Authors

Jefferson R Wilson, Department of Surgery, University of Toronto, Toronto Western Hospital
Robert G Grossman, Department of Neurosurgery, University of Texas Medical School, Houston Methodist Hospital
Ralph F Frankowski, School of Public Health, University of Texas
Alexander Kiss, Department of Research Design and Biostatistics, University of Toronto, Toronto Western Hospital
Aileen M Davis, Department of Health Policy, Management and Evaluation, University of Toronto, Toronto Western Hospital
Abhaya V Kulkarni, Department of Surgery, University of Toronto, Toronto Western Hospital; Department of Health Policy, Management and Evaluation, University of Toronto, Toronto Western Hospital
James S Harrop, Department of Neurosurgery and Orthopedic Surgery, Division of Spinal Disorders, Thomas Jefferson UniversityFollow
Bizhan Aarabi, Department of Neurosurgery, University of Maryland
Alexander Vaccaro, Department of Neurosurgery and Orthopedic Surgery, Division of Spinal Disorders, Thomas Jefferson UniversityFollow
Charles H Tator, Department of Surgery, University of Toronto, Toronto Western Hospital
Marcel Dvorak, Department of Orthopedic Surgery, University of British Columbia
Christopher I Shaffrey, Departments of Neurosurgery and Orthopedic Surgery, University of Virginia
Susan Harkema, Department of Neurosurgery, University of Kentucky
James D Guest, Department of Neurosurgery and Miami Project to Cure Paralysis, University of Miami
Michael G Fehlings, Department of Surgery, University of Toronto, Toronto Western Hospital

Document Type

Article

Publication Date

9-1-2012

Comments

This article has been peer reviewed and is published in Journal of Neurotrauma.

Volume 29, Issue 13, 1 September 2012, Pages 2263-2271.

The published version is available at DOI: 10.1089/neu.2012.2417.

© Copyright 2012, Mary Ann Liebert, Inc. 2012.

Abstract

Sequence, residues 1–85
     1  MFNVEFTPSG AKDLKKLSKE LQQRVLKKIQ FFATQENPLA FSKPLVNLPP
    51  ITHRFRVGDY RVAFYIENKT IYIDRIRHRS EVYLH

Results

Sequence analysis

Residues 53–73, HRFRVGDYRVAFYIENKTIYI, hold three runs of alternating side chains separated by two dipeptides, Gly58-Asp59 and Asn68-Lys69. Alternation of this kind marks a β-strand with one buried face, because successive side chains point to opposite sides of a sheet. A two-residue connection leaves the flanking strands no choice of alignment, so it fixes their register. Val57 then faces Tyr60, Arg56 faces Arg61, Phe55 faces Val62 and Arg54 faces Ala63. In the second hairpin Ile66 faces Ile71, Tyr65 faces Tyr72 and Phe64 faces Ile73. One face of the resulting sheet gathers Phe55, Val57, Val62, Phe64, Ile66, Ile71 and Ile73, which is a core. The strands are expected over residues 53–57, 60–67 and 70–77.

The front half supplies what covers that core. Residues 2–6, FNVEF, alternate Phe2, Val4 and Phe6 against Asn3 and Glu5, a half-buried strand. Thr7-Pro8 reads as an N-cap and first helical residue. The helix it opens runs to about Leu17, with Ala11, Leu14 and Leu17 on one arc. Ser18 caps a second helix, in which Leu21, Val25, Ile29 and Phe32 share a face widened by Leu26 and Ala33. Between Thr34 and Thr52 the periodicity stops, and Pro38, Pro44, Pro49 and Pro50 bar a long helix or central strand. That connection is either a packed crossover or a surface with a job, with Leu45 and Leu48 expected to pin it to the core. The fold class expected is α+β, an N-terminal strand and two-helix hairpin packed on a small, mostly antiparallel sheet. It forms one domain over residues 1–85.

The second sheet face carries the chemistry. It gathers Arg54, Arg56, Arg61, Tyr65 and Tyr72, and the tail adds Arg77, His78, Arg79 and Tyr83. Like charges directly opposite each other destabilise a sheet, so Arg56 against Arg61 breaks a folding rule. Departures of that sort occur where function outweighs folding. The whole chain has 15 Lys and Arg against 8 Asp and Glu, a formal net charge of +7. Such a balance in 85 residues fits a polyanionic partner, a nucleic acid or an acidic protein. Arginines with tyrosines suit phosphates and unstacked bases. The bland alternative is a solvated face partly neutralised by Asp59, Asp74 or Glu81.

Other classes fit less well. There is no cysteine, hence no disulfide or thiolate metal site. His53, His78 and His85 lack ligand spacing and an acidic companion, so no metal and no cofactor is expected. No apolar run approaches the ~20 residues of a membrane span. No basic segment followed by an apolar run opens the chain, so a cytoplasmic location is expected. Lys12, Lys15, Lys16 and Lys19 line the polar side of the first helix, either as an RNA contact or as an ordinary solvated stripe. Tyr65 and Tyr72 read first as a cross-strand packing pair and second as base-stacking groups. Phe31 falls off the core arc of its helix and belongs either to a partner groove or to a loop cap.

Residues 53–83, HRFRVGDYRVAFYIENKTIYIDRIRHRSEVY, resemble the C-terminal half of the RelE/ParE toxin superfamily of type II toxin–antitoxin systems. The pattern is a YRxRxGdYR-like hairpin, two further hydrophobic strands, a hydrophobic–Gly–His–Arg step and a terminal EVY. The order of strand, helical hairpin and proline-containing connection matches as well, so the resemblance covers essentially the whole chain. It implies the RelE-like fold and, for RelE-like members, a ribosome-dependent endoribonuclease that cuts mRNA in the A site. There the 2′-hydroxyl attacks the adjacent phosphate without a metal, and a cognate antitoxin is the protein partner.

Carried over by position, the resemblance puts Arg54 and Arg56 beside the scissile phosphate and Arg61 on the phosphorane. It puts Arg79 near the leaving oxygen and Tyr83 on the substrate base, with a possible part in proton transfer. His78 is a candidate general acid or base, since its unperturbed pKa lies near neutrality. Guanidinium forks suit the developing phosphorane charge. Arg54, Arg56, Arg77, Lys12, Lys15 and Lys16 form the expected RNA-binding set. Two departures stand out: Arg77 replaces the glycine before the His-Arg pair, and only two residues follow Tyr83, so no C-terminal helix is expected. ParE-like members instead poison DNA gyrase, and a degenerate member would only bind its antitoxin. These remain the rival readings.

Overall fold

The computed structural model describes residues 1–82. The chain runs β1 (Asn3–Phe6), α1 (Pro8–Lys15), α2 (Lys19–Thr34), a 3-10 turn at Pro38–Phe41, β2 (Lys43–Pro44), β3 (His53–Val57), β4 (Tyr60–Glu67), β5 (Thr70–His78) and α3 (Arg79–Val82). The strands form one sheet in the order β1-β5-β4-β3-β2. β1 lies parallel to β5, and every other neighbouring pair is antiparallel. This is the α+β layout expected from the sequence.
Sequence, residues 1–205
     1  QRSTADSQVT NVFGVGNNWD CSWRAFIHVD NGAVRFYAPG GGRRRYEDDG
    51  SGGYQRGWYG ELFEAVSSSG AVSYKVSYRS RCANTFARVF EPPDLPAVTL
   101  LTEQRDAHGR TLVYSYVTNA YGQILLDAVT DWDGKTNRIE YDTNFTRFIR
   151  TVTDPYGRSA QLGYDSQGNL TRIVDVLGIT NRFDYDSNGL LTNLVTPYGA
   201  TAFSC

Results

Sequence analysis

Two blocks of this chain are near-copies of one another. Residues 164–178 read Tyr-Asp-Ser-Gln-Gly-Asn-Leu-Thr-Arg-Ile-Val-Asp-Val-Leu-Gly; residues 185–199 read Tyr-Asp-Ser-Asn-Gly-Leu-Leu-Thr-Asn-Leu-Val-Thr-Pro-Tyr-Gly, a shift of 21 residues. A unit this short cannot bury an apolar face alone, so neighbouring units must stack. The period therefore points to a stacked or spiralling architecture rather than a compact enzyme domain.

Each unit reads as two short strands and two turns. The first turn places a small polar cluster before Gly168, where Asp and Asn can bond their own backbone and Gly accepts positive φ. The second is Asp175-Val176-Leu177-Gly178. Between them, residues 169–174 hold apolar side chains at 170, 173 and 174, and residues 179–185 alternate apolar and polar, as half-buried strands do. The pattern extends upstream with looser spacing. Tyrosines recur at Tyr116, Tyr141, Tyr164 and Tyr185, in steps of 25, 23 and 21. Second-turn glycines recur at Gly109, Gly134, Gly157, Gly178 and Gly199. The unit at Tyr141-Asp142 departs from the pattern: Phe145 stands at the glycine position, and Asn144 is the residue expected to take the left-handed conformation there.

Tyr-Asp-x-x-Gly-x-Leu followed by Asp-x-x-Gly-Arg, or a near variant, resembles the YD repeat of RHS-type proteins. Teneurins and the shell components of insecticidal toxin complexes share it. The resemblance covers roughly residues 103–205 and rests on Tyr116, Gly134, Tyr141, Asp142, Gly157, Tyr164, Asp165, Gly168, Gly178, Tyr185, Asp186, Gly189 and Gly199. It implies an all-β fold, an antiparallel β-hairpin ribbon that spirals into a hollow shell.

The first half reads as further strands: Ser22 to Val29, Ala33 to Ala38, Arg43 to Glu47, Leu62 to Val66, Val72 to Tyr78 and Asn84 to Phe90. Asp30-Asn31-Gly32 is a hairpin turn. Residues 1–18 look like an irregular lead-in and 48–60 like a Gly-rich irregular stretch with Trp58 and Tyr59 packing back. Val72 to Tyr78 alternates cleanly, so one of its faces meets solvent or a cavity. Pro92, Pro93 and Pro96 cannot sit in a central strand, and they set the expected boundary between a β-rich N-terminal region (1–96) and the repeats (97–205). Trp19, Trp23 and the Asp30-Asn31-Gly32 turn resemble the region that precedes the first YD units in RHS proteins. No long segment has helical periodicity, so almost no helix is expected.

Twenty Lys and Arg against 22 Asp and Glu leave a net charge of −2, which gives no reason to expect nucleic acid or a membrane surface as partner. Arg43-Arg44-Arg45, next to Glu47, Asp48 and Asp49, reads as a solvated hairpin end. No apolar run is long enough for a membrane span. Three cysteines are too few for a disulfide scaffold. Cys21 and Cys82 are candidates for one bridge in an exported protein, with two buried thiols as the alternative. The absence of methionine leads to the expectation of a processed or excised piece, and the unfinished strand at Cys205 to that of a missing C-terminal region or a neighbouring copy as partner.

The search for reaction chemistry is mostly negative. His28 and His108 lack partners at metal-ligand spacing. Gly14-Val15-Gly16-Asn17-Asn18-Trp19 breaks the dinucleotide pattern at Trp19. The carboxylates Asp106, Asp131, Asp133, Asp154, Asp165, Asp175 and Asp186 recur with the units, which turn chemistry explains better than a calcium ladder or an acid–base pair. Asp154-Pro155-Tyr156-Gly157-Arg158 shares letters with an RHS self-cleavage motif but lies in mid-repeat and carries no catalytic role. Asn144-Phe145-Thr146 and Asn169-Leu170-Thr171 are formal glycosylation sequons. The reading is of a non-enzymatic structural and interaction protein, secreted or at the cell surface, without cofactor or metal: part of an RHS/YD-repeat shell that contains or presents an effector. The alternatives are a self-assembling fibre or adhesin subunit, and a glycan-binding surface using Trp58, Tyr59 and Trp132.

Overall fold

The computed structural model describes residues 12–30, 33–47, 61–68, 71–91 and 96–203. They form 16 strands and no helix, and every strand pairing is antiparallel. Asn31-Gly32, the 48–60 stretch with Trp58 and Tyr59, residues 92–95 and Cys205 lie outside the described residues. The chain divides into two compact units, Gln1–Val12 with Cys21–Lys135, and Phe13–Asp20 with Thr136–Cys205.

To improve clinicians' ability to predict outcome after spinal cord injury (SCI) and to help classify patients within clinical trials, we have created a novel prediction model relating acute clinical and imaging information to functional outcome at 1 year. Data were obtained from two large prospective SCI datasets. Functional independence measure (FIM) motor score at 1 year follow-up was the primary outcome, and functional independence (score ≥ 6 for each FIM motor item) was the secondary outcome. A linear regression model was created with the primary outcome modeled relative to clinical and imaging predictors obtained within 3 days of injury. A logistic model was then created using the dichotomized secondary outcome and the same predictor variables. Model validation was performed using a bootstrap resampling procedure. Of 729 patients, 376 met the inclusion criteria. The mean FIM motor score at 1 year was 62.9 (±28.6). Better functional status was predicted by less severe initial American Spinal Injury Association (ASIA) Impairment Scale grade, and by an ASIA motor score >50 at admission. In contrast, older age and magnetic resonance imaging (MRI) signal characteristics consistent with spinal cord edema or hemorrhage predicted worse functional outcome. The linear model predicting FIM motor score demonstrated an R-square of 0.52 in the original dataset, and 0.52 (95% CI 0.52,0.53) across the 200 bootstraps. Functional independence was achieved by 148 patients (39.4%). For the logistic model, the area under the curve was 0.93 in the original dataset, and 0.92 (95% CI 0.92,0.93) across the bootstraps, indicating excellent predictive discrimination. These models will have important clinical impact to guide decision making and to counsel patients and families.

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